The one sentence summary
You can determine the trajectory of a company by understanding its default future and the forces influencing it.
- This is all about setting your organisation on a trajectory to an improved future. All companies have a default future – where they will end up if they do nothing beyond their current planned course of action. This can be good or bad.
- The trajectory of that strategic reality can only be understood by looking at and understanding the exogenous (external) and endogenous (internal) navigating forces that determine it.
- Navigational forces can be made explicit by mapping them: internal v. external, and visible v hidden; then by change difficulty and influence on the company (high to low).
- Most executives ignore the future by falling into 3 comfort traps:
- Strategic planning: planning is a comfortable and doable exercise, unlike strategy.
- Cost-based thinking: costs are comfortable because they generate precision, but they can still be wrong.
- Self-referential strategic frameworks: using a popular strategic framework or one that the CEO is familiar with is comforting, but may be wrong for the business.
- The most common patterns in companies are:
- The term ‘strategy’ is overused and misused to the point where it loses all meaning.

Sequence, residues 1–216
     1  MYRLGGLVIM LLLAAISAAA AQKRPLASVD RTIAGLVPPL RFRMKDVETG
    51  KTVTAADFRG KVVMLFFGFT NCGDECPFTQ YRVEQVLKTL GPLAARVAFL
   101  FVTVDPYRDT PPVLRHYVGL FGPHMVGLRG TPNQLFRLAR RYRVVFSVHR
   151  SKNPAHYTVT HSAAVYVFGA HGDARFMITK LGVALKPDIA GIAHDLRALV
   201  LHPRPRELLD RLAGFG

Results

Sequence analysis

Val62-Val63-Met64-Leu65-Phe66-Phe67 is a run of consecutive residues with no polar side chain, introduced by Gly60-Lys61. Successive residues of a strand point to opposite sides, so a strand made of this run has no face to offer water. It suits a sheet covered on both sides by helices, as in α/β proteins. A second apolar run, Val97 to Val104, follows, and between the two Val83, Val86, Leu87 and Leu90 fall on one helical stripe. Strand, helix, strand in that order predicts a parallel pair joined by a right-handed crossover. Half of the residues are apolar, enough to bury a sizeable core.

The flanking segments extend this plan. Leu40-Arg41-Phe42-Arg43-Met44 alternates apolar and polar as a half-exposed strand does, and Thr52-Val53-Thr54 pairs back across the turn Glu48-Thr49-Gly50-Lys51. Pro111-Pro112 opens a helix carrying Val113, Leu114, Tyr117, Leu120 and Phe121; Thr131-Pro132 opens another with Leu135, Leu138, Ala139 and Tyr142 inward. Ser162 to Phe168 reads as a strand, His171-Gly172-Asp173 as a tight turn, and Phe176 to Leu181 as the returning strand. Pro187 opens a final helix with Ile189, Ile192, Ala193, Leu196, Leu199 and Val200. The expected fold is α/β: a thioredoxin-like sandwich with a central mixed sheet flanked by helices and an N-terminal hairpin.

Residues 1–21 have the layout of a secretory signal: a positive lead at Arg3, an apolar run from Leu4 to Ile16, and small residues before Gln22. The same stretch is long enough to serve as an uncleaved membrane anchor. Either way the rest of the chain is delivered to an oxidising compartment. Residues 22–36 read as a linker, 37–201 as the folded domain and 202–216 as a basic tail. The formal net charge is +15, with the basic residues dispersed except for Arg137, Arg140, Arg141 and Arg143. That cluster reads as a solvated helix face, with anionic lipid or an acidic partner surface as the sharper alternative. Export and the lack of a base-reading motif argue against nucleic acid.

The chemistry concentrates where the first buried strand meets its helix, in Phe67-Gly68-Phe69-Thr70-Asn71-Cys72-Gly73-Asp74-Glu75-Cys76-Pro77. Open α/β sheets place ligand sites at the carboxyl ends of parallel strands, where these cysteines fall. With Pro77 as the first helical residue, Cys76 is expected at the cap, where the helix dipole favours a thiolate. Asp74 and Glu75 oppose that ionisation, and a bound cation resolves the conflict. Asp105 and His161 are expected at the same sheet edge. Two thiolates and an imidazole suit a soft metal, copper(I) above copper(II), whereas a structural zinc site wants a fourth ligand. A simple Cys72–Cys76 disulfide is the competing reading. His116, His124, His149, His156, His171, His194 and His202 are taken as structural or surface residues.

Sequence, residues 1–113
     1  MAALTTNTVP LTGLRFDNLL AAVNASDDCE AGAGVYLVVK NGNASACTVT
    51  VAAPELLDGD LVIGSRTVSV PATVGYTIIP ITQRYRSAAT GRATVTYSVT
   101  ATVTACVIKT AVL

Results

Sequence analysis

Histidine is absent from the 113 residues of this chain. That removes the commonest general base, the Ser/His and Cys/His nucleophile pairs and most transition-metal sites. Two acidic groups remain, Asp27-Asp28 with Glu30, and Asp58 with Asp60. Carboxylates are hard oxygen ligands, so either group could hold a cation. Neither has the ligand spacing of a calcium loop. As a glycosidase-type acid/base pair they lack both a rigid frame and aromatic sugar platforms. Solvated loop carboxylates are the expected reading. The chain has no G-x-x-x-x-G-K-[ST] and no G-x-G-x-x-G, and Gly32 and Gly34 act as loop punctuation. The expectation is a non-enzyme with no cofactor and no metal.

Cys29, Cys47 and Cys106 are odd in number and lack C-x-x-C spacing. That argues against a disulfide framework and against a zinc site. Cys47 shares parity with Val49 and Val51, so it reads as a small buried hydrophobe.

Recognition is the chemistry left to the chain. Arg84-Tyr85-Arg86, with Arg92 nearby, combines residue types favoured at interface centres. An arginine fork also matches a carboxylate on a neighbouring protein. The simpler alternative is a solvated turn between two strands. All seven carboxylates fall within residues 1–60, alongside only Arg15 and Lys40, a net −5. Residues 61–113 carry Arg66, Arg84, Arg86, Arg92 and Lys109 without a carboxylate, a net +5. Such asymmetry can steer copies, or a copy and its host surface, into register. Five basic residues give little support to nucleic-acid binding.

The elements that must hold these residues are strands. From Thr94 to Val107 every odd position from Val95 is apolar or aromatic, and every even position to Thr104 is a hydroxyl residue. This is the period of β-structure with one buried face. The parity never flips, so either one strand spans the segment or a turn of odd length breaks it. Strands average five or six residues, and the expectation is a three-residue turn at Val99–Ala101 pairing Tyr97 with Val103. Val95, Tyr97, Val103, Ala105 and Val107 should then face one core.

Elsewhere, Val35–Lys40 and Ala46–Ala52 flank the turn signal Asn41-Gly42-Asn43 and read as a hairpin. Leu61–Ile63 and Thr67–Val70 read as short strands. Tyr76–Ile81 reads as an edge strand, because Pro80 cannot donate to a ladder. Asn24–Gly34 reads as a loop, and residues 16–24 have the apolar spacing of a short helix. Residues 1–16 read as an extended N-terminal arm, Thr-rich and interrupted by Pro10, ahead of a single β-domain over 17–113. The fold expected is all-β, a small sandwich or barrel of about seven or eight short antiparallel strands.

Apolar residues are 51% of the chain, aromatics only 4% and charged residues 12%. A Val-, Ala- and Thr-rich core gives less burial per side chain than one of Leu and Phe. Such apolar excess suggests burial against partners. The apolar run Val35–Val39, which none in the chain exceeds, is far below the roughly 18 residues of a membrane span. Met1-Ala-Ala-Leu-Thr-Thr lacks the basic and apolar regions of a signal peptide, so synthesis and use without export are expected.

- Companies tend to adopt either a conservative or radical approach. Neither extreme works very well – a blend is better.
- Some strategies are just too complex or incoherent to understand.
- When a strategic approach is agreed, the focus turns to execution – usually led by an executive who didn’t volunteer for it, and who probably doesn’t have the experience or bandwidth to handle it.
- The programme leader often comes from outside the company, does not understand the culture, and often leaves before the job is done.
WHAT’S GOOD ABOUT IT
- Operating principles make strategic choices easier to understand. Pairs of opposites make these clearer, such as ‘We will grow organically’ as opposed to ‘We will grow through acquisition’.
- 88% of the Fortune companies from 1955 had disappeared by 2014.
- 50% of companies that merge or acquire have divorced five years later.
- “We always overestimate the change that will occur in the next two years and underestimate the change that will occur in the next ten.” Bill Gates
WHAT YOU HAVE TO WATCH
- There is some repetition and it is quite earnest, but there is good advice here.